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Do Strict Capital Requirements Raise the Cost of Capital? Banking Regulation and the Low Risk Anomaly

52 Pages Posted: 17 Mar 2013 Last revised: 22 Apr 2013

Malcolm P. Baker

Harvard Business School; National Bureau of Economic Research (NBER)

Jeffrey Wurgler

NYU Stern School of Business; National Bureau of Economic Research (NBER)

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Date Written: April 18, 2013

Abstract

Minimum capital requirements are a central tool of banking regulation. Setting them balances a number of factors, including any effects on the cost of capital and in turn the rates available to borrowers. Standard theory predicts that, in perfect and efficient capital markets, reducing banks’ leverage reduces the risk and cost of equity but leaves the overall weighted average cost of capital unchanged. We test these two predictions using U.S. data. We confirm that the equity of better-capitalized banks has lower systematic risk (beta) and lower idiosyncratic risk. However, over the last 40 years, lower risk banks have higher stock returns on a risk-adjusted or even a raw basis, consistent with a stock market anomaly previously documented in other samples. The size of the low risk anomaly within banks suggests that the cost of capital effects of capital requirements may be considerable. Assuming competitive lending markets, banks’ low asset betas implied an average risk premium of only 40 basis points above Treasury yields in our sample period; a calibration suggests that a ten percentage-point increase in Tier 1 capital to risk-weighted assets may have increased this to between 100 and 130 basis points per year. In summary, the low risk anomaly in the stock market produces a potentially significant cost of capital requirements.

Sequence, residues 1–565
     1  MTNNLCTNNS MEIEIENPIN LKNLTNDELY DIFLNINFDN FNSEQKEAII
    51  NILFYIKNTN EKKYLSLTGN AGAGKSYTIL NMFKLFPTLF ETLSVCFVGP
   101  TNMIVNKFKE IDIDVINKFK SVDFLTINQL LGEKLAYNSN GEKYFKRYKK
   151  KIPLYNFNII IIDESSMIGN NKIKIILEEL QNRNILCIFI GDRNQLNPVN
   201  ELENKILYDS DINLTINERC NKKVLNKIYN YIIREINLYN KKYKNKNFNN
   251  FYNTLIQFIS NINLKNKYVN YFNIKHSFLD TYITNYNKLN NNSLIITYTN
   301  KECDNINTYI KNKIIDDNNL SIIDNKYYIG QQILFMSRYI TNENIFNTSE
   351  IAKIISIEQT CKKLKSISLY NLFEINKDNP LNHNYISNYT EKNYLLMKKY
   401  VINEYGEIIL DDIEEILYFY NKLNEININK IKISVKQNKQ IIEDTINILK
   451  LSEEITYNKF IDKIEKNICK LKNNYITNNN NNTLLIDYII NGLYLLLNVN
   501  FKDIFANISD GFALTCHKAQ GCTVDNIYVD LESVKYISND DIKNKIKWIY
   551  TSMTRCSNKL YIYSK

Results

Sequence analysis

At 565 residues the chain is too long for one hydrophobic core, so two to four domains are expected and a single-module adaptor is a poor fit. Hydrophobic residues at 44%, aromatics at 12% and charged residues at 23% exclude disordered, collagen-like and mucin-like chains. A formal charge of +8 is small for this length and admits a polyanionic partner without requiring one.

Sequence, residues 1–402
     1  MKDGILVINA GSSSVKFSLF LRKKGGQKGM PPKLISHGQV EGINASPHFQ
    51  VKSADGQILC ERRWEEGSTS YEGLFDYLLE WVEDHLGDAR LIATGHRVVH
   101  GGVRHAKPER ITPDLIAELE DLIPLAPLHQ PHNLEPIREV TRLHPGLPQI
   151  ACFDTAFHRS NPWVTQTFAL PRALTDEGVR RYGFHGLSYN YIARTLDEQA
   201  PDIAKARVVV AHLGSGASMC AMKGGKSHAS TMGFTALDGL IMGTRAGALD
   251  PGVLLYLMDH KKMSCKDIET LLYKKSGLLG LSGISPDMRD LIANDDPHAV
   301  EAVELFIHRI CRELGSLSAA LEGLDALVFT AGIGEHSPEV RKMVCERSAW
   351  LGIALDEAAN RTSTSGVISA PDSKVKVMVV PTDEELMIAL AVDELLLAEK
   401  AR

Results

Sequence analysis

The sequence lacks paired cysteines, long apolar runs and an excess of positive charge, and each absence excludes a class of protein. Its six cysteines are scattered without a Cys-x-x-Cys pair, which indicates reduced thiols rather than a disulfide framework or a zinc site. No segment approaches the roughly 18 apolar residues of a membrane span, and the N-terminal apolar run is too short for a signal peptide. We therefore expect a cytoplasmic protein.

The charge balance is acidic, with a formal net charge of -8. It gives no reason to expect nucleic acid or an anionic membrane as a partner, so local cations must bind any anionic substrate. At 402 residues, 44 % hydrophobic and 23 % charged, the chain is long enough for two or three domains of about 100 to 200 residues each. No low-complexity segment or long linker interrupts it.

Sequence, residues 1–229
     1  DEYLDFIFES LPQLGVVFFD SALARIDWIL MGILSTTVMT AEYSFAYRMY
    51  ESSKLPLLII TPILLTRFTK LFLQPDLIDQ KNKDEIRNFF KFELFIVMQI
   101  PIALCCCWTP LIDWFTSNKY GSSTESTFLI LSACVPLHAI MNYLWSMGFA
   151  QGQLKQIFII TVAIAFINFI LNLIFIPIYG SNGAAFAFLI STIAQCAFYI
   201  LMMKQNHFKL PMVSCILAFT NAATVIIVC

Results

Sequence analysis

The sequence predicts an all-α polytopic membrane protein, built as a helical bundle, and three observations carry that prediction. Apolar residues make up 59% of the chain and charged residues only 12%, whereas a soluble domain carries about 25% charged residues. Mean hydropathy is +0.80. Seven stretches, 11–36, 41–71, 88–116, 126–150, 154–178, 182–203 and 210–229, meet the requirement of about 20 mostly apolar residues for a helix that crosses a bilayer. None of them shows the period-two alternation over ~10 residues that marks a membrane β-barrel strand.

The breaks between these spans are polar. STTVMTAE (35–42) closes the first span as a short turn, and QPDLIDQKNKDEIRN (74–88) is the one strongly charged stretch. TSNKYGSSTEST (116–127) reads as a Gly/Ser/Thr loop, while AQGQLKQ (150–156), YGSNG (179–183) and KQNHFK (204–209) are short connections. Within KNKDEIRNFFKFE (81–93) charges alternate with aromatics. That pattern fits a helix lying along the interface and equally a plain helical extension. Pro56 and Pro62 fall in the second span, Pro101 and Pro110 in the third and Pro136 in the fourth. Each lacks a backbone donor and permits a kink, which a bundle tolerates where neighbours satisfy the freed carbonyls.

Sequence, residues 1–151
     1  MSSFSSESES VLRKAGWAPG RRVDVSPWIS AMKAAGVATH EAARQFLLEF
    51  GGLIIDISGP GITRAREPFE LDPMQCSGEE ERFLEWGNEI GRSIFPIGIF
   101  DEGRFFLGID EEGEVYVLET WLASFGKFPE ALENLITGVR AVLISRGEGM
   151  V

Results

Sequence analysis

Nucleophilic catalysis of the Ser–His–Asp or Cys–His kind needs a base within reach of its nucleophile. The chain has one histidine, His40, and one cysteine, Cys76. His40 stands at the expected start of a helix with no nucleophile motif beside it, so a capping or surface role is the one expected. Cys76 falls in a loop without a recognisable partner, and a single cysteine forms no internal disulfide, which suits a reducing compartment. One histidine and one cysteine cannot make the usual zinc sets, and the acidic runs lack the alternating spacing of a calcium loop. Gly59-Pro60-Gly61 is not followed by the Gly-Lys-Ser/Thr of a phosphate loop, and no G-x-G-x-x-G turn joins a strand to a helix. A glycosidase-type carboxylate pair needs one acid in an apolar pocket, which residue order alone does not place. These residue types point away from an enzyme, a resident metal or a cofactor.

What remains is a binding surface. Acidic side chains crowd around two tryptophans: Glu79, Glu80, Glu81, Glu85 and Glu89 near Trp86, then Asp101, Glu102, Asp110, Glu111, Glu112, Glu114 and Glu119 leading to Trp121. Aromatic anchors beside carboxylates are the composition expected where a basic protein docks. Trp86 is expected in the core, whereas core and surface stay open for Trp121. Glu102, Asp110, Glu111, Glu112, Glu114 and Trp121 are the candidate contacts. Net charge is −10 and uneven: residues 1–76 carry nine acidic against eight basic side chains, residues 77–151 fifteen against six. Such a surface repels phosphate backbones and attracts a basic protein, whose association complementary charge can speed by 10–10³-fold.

Suggested Citation

Baker, Malcolm P. and Wurgler, Jeffrey, Do Strict Capital Requirements Raise the Cost of Capital? Banking Regulation and the Low Risk Anomaly (April 18, 2013). NYU Working Paper No. FIN-13-003. Available at SSRN: https://ssrn.com/abstract=2234557

Malcolm P. Baker (Contact Author)

Harvard Business School ( email )

Boston, MA 02163
United States
617-495-6566 (Phone)

HOME PAGE: http://www.people.hbs.edu/mbaker

National Bureau of Economic Research (NBER)

1050 Massachusetts Avenue
Cambridge, MA 02138
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Jeffrey A. Wurgler

NYU Stern School of Business ( email )

Stern School of Business
44 West 4th Street, Suite 9-190
New York, NY 10012-1126
United States
212-998-0367 (Phone)
212-995-4233 (Fax)

HOME PAGE: http://www.stern.nyu.edu/~jwurgler/

National Bureau of Economic Research (NBER)

1050 Massachusetts Avenue
Cambridge, MA 02138
United States

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